Cuba-to-Russia Student Mobility: How It Works and What It's Like

We sat down with four Cuban students who are currently studying at ITMO University to learn about their life in Russia. Alberto Quesada Sevilla, Leoandris Martinez-Serrano, Miguel Angel Perez Ortiz and Miriam Serralbo Cala are getting their Master’s degrees at ITMO University as part of a student mobility agreement between Cuba and Russia. Learn more about what brought them to ITMO University!

Left to right: Leoandris Martinez-Serrano, Miriam Serralbo Cala, Alberto Quesada Sevilla, and Miguel Angel Perez Ortiz

I like everything here; even the cold! The first year was tough for us because our Russian wasn’t that great and I couldn’t talk to anyone, but it’s gotten easier now. I have friends here, some of them from my class. In the summer, they even invited me to their dachas; we often hang out and go to the movies. And the girls here are very pretty. I’m happy to be here,” says Alberto.

According to the student mobility agreement, the Cuban government picks educational programs available for exchange students based on the nation’s current needs. If their professional qualifications and personal experience are right for one of the programs, Cuban students can take up their Master’s studies in Russia, provided they have already acquired some work experience in the area.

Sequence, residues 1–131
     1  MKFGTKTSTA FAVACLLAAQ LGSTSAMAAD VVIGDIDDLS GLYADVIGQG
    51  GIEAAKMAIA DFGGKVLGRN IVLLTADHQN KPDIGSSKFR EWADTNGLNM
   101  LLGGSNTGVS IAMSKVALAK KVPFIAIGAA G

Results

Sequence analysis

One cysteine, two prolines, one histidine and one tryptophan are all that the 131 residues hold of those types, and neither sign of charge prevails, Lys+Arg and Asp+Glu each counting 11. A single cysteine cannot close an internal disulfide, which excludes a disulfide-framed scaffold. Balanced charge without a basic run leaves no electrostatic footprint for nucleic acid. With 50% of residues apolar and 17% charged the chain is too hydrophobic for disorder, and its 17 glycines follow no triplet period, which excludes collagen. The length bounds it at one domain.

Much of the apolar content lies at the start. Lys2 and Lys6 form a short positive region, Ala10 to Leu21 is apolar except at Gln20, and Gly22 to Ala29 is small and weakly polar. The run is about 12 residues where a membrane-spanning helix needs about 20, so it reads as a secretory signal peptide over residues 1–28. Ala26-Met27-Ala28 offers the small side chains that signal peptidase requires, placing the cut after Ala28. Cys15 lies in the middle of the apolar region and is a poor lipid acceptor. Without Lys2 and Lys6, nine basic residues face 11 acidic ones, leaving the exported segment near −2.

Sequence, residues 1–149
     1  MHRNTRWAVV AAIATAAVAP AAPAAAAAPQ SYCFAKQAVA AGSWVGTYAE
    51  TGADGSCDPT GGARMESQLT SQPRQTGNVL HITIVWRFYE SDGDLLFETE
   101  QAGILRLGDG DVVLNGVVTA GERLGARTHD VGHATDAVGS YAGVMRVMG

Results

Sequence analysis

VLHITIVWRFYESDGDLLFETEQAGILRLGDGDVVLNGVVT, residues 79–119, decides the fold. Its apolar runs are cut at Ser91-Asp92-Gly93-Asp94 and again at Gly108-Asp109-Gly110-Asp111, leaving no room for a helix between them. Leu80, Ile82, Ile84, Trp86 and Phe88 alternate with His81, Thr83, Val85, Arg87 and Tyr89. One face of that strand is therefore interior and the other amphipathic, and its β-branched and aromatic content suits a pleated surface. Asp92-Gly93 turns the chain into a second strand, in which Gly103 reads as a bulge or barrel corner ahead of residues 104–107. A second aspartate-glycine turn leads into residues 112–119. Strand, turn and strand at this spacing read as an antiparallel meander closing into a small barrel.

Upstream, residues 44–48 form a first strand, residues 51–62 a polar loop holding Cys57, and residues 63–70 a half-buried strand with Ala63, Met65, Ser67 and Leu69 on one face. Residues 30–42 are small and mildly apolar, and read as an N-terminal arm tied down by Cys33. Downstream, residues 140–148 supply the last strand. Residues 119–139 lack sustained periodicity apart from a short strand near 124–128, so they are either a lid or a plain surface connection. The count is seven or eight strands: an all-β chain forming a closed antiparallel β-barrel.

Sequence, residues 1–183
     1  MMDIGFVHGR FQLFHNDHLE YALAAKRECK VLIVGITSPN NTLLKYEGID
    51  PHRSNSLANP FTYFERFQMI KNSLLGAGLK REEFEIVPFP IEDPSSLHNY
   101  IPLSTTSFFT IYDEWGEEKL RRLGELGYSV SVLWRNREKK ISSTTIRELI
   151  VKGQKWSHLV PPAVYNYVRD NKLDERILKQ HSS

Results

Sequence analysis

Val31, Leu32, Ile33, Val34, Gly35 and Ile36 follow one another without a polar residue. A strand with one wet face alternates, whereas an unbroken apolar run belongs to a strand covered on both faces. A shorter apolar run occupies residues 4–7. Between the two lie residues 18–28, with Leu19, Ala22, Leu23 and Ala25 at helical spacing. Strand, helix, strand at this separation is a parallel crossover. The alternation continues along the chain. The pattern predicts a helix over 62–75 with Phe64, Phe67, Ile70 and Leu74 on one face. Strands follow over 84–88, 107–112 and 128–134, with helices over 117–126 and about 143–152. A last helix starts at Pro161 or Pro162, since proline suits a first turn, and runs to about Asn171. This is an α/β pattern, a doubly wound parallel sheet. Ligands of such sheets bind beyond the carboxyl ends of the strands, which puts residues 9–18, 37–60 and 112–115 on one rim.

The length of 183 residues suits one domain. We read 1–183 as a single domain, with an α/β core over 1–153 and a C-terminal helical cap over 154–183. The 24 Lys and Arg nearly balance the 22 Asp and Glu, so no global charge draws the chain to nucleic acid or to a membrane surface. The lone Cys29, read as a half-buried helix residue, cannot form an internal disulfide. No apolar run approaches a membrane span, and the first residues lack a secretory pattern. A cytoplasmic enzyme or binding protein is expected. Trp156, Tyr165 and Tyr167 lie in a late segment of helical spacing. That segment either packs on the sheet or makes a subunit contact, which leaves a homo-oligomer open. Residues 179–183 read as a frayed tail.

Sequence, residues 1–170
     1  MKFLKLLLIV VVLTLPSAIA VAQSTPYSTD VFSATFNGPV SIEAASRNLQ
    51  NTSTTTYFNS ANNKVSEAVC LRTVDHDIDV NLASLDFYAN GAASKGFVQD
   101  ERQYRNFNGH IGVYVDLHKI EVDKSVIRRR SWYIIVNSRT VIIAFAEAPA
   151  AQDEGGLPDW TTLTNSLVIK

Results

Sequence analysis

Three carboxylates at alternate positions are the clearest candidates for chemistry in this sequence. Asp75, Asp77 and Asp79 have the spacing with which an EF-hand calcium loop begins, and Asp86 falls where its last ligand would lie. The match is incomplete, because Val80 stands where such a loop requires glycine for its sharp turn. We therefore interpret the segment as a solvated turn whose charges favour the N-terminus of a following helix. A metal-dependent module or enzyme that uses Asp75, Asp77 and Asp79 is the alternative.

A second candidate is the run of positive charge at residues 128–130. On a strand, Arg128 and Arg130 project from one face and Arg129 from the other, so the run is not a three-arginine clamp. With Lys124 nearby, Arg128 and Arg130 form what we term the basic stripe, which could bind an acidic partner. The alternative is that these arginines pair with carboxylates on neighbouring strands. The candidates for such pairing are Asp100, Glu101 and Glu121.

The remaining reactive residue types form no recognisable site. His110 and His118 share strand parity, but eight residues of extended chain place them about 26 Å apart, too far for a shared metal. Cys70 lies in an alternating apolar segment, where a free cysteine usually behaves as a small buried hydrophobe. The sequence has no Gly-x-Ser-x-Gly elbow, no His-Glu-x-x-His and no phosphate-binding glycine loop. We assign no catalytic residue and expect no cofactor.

Cuba, Credit: shutterstock.com
Cuba, Credit: shutterstock.com

There’s a special website where you can choose a major you’re interested in and a list of preferred universities. The Russian Ministry of Higher Education then decides which university you’ll get to study at. For instance, my first choice was the Bauman University, with ITMO second on the list, but the selection committee decided that ITMO was a more fitting choice for my major,” shares Leoandris.